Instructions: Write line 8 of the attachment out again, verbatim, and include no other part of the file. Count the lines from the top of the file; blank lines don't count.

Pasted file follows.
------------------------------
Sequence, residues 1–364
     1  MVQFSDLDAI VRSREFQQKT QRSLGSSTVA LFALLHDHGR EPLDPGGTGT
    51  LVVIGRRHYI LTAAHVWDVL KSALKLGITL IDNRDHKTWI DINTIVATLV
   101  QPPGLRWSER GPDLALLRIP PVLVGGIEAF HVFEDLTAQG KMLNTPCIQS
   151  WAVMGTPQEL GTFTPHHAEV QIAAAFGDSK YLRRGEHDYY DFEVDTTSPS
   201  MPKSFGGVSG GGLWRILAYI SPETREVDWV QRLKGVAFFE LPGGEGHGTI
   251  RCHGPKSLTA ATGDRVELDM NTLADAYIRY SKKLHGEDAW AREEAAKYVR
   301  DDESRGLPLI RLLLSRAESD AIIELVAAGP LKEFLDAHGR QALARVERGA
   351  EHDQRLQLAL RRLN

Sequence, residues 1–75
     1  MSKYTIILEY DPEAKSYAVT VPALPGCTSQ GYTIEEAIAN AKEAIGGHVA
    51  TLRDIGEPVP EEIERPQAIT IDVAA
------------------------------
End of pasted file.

   301  DDESRGLPLI RLLLSRAESD AIIELVAAGP LKEFLDAHGR QALARVERGA